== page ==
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Dimension 8100 RDRAM Memory Upgrade

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Anonymous
December 15, 2004 2:30:07 AM

Archived from groups: alt.sys.pc-clone.dell (More info?)

I have a friend with a Dell Dimension 8100. I recently upgraded it from
Windows Me to XP Pro. All has gone well except for RAM memory allocation.
256 MB (4x64) was probably fine for Me but is barely adequate for XP. It
pages to the hard drive a lot and occasionally gives a prompt saying it's
temporarily increasing the page file, so obviously a memory upgrade is
needed. This is my first experience with RDRAM memory and I'm unsure about
what I need to go from 256 to at least 512. Apparently RDRAM memory has to
be done in pair sets. Can I keep 2 of the 64 modules and replace the other 2
with 256s for a total of 640 MB, or does it have to be 4x128? Any guidance
definitely appreciated. Thanks in advance.
Anonymous
December 15, 2004 8:04:47 AM

Archived from groups: alt.sys.pc-clone.dell (More info?)

RDRAM is like the old 72-pin SIMMs in Pentium class computers. The rule is that
the memory sticks have to be installed in matched pairs. So, yes, by all means,
pull a pair of 64s and install a pair of 256s for a total of 640MB. Make sure
you get the right speed grade. There are 4 speed grades: PC600, PC711, PC800,
and PC1066. The latter came along at the tail end of the very short
RAMBUS-personal computer era, and it is often incompatible with older
motherboards.

Check the speed grade on the 64s in the system now, and get the same or faster.
In other words, if you have PC600 now (unlikely in a Dell), you can install any
one of PC600, PC711 or PC800 speed grades. If you have PC711, then either PC711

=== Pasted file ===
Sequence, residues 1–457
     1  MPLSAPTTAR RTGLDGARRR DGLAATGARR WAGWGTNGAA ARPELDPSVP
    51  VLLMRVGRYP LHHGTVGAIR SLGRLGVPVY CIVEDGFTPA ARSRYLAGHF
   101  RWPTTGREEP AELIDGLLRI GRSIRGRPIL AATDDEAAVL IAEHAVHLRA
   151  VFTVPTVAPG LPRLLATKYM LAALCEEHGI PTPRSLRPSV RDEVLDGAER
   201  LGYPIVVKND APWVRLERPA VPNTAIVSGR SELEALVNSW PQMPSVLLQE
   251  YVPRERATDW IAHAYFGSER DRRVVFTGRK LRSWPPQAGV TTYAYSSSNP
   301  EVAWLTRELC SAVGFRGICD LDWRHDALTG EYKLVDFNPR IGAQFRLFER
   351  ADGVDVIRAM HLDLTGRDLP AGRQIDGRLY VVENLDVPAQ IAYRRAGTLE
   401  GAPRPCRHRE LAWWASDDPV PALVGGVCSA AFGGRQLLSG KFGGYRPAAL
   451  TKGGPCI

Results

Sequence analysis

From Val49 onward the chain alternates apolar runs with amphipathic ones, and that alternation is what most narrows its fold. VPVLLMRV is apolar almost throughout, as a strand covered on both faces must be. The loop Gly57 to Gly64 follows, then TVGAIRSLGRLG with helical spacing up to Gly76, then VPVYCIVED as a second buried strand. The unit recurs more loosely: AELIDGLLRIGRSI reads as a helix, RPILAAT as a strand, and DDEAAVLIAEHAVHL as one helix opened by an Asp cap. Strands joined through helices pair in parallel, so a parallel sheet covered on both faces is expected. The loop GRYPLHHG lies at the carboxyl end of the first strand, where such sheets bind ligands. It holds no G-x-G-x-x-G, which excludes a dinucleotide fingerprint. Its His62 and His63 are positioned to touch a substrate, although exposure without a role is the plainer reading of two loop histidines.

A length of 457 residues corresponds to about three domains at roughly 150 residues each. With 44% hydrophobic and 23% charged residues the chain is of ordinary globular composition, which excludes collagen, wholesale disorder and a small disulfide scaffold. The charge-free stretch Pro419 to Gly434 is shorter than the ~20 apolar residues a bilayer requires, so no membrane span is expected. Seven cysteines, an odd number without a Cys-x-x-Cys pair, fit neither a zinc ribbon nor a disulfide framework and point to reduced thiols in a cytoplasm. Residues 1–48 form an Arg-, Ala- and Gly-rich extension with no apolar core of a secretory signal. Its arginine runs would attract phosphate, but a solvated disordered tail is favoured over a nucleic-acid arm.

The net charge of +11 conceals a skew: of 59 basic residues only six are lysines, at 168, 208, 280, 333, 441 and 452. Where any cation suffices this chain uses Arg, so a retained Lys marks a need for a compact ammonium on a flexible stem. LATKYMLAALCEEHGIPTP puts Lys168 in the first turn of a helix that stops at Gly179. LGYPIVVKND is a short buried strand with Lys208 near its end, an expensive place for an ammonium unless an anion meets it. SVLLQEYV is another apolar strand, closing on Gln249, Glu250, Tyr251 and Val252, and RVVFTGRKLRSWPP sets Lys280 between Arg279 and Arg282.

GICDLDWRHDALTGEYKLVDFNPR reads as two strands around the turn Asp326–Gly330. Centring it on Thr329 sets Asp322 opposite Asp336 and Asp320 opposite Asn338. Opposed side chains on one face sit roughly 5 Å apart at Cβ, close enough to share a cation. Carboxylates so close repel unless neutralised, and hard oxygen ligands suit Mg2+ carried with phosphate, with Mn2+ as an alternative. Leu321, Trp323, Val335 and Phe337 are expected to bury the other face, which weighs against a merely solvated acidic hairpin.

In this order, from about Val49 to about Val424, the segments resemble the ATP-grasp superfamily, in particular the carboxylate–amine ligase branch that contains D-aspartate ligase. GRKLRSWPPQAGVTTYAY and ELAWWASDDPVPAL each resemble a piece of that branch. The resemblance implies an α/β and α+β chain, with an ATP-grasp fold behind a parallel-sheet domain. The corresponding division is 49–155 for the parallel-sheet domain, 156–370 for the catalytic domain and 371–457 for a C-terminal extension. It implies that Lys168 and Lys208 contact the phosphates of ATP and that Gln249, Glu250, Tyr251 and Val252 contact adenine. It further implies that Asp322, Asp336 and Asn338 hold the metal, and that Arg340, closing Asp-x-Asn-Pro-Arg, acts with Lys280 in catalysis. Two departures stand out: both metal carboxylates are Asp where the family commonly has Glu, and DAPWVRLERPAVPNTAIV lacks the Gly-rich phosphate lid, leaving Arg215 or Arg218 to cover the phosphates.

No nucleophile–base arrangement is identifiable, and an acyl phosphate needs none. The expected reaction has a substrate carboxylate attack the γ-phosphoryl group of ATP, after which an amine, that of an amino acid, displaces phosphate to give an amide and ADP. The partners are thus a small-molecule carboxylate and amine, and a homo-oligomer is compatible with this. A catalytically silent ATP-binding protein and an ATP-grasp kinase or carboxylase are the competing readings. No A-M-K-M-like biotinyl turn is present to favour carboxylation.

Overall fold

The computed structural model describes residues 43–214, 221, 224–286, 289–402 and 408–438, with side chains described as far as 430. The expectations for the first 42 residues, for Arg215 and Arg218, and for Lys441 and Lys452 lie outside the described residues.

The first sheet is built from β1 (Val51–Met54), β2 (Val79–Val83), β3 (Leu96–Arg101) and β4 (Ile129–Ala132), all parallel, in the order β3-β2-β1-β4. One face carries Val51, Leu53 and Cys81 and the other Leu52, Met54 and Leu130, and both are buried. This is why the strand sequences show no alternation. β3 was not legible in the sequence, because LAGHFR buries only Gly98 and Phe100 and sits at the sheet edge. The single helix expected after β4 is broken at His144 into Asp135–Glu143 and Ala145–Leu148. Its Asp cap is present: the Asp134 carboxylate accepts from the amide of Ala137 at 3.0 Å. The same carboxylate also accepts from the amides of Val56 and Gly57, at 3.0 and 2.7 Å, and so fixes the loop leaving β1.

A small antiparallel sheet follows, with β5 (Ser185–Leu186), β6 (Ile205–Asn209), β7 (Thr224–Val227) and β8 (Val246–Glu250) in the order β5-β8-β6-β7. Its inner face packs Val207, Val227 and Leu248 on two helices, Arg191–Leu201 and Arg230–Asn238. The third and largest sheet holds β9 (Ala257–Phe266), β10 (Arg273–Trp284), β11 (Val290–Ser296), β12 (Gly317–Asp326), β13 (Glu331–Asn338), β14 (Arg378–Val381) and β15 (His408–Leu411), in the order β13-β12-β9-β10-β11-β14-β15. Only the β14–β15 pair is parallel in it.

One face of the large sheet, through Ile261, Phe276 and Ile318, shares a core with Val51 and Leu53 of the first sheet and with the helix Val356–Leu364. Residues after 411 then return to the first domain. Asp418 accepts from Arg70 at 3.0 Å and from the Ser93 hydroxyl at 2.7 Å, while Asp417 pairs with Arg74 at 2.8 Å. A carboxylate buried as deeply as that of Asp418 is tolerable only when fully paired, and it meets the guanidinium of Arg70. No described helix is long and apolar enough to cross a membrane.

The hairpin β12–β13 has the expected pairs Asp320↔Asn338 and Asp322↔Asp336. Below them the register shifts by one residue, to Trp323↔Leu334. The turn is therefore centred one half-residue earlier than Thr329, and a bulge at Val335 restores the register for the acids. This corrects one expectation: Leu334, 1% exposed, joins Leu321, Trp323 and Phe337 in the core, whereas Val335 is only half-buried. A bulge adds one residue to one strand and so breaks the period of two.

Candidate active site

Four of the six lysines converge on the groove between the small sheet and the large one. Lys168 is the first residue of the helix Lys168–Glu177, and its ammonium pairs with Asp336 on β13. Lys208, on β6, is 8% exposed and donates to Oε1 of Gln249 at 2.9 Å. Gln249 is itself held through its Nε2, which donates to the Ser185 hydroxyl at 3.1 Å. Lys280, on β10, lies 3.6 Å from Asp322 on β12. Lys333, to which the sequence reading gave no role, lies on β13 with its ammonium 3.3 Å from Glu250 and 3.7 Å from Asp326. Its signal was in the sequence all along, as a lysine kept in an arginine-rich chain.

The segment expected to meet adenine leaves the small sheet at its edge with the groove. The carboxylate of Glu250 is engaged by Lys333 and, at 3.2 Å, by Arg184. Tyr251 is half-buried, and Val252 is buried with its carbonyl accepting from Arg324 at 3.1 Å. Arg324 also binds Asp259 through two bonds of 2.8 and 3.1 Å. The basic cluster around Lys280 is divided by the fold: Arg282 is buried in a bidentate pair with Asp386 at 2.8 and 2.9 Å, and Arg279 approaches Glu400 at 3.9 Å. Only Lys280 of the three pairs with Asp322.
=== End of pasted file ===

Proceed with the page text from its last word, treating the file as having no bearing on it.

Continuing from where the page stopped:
or PC800 will do. Doing it this way will keep you out of trouble.

One last thing: RAMBUS memory is pretty expensive again. Very little new RAMBUS
is manufactured, and you may end up having to get used memory from a known
reliable source. www.crucial.com does not sell RAMBUS because Micron (owner of
Crucial) never paid the extortion royalties to the RAMBUS company to make the
stuff... Ben Myers

On Tue, 14 Dec 2004 23:30:07 -0500, "Sideshow Bob"
<mergatroid@_nospam_.bigfoot.com> wrote:

>I have a friend with a Dell Dimension 8100. I recently upgraded it from
>Windows Me to XP Pro. All has gone well except for RAM memory allocation.
>256 MB (4x64) was probably fine for Me but is barely adequate for XP. It
>pages to the hard drive a lot and occasionally gives a prompt saying it's
>temporarily increasing the page file, so obviously a memory upgrade is
>needed. This is my first experience with RDRAM memory and I'm unsure about
>what I need to go from 256 to at least 512. Apparently RDRAM memory has to
>be done in pair sets. Can I keep 2 of the 64 modules and replace the other 2
>with 256s for a total of 640 MB, or does it have to be 4x128? Any guidance
>definitely appreciated. Thanks in advance.
>
>
Anonymous
December 15, 2004 8:04:48 AM

Archived from groups: alt.sys.pc-clone.dell (More info?)

The 8100 has four slots for memory, so leave the 2x64 and ADD 2x256 for a
total of 640.

PC800 2.5CL if I remember. Definately PC800.

Tom
<ben_myers_spam_me_not @ charter.net (Ben Myers)> wrote in message
news:41bfc48a.56031125@nntp.charter.net...
> RDRAM is like the old 72-pin SIMMs in Pentium class computers. The rule
> is that
> the memory sticks have to be installed in matched pairs. So, yes, by all
> means,
> pull a pair of 64s and install a pair of 256s for a total of 640MB. Make
> sure
> you get the right speed grade. There are 4 speed grades: PC600, PC711,
> PC800,
> and PC1066. The latter came along at the tail end of the very short
> RAMBUS-personal computer era, and it is often incompatible with older
> motherboards.
>
> Check the speed grade on the 64s in the system now, and get the same or
> faster.
> In other words, if you have PC600 now (unlikely in a Dell), you can
> install any
> one of PC600, PC711 or PC800 speed grades. If you have PC711, then either
> PC711
> or PC800 will do. Doing it this way will keep you out of trouble.
>
> One last thing: RAMBUS memory is pretty expensive again. Very little new
> RAMBUS
> is manufactured, and you may end up having to get used memory from a known